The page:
ComPRehension

Professional development and training blog of the Public Relations Society of America (PRSA)
May 8, 2009

Using the Economic Downturn to Turn Up Employees’ Business Literacy


Since the economic crisis erupted last fall, we’ve developed an increased awareness of all things financial — from quarterly corporate earnings to our 401(k) statements to the fluctuating stock market. But there’s also a workplace communications upside to the economic downturn.

You now have employees’ full attention to communicate the business of your business. It’s a teachable moment — an opportunity to partner with our organizations or clients to help improve the business literacy of employees. Addressing their financial anxieties can help keep employees motivated and productive during these stressful times. Consider these ideas:

  • Focus on the fundamentals. Employees want to know how, where and why the company is making, spending or losing money — and what this means for the organization’s financial health and their jobs. Some companies create an employee-focused counterpart to a shareholder annual report to outline their financial situation and outlook, along with the business strategies and workplace changes/challenges. (Of course, financial communication should be ongoing, not just once a year!)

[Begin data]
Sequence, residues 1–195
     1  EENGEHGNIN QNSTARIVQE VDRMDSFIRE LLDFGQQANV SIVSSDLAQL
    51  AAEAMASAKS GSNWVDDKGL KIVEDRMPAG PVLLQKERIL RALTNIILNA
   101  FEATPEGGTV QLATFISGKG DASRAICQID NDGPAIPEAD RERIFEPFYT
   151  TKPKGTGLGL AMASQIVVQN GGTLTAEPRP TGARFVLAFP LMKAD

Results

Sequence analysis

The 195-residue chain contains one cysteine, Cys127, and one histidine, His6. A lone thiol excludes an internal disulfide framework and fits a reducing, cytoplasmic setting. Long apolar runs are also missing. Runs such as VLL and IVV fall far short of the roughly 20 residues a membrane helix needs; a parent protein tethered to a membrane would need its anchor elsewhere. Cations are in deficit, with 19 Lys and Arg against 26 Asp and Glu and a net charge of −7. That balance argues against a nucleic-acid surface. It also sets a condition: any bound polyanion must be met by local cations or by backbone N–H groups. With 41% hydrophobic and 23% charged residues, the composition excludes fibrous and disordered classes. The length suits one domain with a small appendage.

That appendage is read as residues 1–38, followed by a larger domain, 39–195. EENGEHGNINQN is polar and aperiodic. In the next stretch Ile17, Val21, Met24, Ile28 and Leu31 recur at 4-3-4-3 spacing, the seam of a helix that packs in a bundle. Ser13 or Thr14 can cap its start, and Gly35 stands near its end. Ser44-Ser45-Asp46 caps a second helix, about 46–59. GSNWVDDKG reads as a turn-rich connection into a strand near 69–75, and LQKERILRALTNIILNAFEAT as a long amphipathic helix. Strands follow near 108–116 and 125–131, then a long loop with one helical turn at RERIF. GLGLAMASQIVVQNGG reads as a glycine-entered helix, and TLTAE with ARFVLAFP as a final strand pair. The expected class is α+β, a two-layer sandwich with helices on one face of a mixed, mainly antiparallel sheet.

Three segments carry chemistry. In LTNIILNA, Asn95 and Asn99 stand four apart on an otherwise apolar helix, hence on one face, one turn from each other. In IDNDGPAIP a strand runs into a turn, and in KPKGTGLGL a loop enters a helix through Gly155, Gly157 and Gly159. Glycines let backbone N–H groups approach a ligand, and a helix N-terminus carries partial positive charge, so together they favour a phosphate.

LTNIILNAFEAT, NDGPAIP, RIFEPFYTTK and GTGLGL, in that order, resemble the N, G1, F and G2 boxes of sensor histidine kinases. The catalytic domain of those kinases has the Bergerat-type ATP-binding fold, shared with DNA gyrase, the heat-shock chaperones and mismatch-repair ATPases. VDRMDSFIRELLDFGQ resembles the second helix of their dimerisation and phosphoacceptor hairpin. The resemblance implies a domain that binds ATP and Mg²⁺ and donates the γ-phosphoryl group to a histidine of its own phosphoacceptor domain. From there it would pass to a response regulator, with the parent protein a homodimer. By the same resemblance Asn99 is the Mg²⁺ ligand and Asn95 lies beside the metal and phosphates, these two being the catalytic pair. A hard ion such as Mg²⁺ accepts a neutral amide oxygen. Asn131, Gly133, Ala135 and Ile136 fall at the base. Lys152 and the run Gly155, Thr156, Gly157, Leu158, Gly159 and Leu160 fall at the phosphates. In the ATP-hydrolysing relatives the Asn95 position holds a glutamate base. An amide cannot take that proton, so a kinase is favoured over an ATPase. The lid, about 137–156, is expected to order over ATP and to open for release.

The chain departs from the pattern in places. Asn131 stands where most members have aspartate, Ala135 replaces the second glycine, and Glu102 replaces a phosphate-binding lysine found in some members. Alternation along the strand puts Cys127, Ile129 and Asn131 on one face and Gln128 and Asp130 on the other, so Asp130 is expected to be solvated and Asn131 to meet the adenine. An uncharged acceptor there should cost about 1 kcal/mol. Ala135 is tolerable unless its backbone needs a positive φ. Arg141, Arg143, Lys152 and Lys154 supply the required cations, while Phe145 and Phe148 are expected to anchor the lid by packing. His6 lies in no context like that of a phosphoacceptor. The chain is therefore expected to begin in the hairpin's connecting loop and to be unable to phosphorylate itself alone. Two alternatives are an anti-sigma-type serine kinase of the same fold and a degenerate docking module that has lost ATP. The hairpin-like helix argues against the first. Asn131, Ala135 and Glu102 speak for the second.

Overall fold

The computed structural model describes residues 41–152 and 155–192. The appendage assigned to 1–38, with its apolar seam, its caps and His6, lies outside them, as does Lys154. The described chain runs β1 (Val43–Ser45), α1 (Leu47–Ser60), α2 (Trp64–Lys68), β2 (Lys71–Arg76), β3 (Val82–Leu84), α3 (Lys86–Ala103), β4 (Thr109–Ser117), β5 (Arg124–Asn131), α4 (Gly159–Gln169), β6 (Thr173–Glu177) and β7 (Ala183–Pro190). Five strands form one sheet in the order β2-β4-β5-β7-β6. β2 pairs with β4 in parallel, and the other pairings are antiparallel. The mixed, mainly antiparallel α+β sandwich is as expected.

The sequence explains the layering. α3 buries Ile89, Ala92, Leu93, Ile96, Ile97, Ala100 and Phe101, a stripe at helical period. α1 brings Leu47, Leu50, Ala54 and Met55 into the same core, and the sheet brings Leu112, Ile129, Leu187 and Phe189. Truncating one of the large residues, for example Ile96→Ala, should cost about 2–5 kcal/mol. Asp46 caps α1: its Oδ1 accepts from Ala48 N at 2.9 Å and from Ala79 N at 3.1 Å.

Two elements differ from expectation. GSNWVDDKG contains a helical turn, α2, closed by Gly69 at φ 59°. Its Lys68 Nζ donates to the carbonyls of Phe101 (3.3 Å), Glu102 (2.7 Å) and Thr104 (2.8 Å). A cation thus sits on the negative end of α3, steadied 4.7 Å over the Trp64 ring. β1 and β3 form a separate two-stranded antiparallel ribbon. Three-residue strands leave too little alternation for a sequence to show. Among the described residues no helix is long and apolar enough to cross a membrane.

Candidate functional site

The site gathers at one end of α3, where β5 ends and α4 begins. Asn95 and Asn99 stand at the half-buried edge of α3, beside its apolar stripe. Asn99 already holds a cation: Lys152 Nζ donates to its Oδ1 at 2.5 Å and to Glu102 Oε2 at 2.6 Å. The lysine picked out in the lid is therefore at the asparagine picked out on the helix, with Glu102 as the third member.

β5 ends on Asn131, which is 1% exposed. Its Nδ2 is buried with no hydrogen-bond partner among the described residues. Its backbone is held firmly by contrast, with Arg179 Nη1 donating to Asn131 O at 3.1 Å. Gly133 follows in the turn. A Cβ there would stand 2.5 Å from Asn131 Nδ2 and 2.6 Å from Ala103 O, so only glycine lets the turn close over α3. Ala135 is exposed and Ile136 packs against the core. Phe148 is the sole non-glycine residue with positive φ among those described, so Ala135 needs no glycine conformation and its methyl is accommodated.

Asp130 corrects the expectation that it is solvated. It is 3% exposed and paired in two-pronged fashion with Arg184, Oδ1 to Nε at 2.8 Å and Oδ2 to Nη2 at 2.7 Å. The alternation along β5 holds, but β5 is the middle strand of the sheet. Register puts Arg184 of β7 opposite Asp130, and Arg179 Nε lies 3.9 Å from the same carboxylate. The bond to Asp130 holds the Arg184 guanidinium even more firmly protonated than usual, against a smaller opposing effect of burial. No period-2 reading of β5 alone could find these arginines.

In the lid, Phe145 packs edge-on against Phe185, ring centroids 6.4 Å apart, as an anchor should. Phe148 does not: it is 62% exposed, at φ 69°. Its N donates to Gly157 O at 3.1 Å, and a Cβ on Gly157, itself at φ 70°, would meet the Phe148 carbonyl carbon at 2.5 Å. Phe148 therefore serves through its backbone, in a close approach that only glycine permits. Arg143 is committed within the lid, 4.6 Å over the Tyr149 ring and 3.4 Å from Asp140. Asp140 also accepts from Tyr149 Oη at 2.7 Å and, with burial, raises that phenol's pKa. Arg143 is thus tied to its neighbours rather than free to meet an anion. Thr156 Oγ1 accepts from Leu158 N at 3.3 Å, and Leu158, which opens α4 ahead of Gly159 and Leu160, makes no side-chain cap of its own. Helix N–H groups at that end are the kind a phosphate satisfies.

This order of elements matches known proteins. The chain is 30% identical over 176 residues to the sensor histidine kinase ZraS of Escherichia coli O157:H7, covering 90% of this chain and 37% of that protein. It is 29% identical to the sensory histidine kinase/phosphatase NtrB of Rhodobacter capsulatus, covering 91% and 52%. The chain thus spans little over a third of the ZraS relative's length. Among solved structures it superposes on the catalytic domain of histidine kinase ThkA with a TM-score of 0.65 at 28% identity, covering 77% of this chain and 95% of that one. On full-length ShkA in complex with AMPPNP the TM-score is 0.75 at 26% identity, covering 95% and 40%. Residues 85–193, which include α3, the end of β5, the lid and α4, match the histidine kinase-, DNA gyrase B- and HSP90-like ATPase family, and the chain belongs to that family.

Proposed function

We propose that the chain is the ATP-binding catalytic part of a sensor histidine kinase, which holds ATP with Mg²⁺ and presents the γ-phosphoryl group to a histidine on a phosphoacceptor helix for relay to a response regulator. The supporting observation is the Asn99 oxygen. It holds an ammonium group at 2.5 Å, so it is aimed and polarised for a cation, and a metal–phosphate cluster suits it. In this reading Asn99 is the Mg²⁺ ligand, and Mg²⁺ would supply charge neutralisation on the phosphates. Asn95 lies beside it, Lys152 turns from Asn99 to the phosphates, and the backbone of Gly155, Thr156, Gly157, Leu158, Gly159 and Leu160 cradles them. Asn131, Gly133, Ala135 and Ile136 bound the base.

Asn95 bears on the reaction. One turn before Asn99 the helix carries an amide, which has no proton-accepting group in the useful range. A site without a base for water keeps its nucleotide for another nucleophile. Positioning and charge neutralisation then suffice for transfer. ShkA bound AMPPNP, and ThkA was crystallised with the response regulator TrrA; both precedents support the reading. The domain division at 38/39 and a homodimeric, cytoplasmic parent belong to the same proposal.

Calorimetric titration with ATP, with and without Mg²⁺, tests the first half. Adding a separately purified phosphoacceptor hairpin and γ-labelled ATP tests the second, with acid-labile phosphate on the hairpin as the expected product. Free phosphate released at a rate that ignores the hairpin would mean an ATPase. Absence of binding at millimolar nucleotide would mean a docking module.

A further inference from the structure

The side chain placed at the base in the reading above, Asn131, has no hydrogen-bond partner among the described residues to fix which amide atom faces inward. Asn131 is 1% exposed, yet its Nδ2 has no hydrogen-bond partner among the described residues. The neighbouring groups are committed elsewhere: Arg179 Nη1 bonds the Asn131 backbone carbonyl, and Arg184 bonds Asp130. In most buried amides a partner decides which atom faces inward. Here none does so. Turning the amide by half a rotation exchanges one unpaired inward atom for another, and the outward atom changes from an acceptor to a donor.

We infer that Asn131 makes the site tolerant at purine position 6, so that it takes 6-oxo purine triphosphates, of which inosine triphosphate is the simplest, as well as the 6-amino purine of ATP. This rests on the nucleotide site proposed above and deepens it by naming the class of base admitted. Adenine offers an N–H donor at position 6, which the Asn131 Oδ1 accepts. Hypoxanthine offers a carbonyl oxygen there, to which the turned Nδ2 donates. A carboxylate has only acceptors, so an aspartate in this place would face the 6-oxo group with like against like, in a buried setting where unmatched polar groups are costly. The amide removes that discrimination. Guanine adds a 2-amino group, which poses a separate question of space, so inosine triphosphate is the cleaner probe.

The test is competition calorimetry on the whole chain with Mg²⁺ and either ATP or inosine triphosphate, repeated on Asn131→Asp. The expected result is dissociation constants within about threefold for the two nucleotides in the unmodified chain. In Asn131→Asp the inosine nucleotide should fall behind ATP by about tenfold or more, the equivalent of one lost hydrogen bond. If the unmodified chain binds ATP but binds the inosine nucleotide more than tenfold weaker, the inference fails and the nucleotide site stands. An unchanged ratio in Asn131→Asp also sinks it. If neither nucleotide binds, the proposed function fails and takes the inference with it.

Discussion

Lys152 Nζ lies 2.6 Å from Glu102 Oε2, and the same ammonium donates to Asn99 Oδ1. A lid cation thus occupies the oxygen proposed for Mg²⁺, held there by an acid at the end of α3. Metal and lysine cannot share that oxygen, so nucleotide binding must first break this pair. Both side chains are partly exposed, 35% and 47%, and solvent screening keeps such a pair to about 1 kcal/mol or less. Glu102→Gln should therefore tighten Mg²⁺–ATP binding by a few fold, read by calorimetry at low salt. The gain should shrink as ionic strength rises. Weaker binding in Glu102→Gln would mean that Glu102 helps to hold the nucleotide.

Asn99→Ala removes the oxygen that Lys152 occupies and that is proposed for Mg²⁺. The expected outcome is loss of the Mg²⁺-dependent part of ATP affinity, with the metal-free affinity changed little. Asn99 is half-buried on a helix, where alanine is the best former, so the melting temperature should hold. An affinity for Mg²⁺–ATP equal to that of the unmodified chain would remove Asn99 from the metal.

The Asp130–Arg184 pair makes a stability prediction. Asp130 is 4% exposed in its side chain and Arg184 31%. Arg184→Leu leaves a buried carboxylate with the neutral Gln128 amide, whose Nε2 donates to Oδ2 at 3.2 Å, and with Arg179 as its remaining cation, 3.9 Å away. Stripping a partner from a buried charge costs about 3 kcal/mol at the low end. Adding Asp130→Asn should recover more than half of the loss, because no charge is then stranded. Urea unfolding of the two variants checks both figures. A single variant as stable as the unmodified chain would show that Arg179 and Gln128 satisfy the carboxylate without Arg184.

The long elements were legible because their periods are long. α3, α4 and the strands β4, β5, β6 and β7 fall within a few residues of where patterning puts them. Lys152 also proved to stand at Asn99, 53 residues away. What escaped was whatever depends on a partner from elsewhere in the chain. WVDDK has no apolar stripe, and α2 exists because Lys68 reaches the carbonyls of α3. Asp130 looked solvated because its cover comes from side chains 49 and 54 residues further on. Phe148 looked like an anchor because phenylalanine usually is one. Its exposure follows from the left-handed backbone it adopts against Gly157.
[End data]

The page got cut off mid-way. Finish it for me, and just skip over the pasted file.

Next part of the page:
• Connect the dots. Put financial results in context of everything else the company is doing and saying. One of my clients created a visual, one-page “report card” that gave top-line financial results framed against the business goals. It was timed with quarterly earnings, and managers received accompanying messages for them to answer their employees’ specific questions.
  • Limit Wall Street lingo. Explain in everyday terms the basic parts of your profit and loss statement. When communicating large numbers, consider sharing the equivalent in products or services that employees can relate to (e.g., a $20 million sales increase means we worked together to sell 3,000 more widgets).
    The ultimate goal: Employees know how their jobs directly impact the bottom line, and they’re more engaged in the organization’s strategies that are driving and improving financial results.

By Kelly Womer, APR, ABC, vice president, Linhart Public Relations, provides organizational communications, reputation management and other brand-building counsel to help drive business strategies and results. She has worked on the agency and client side for global Fortune 500 companies and other firms.

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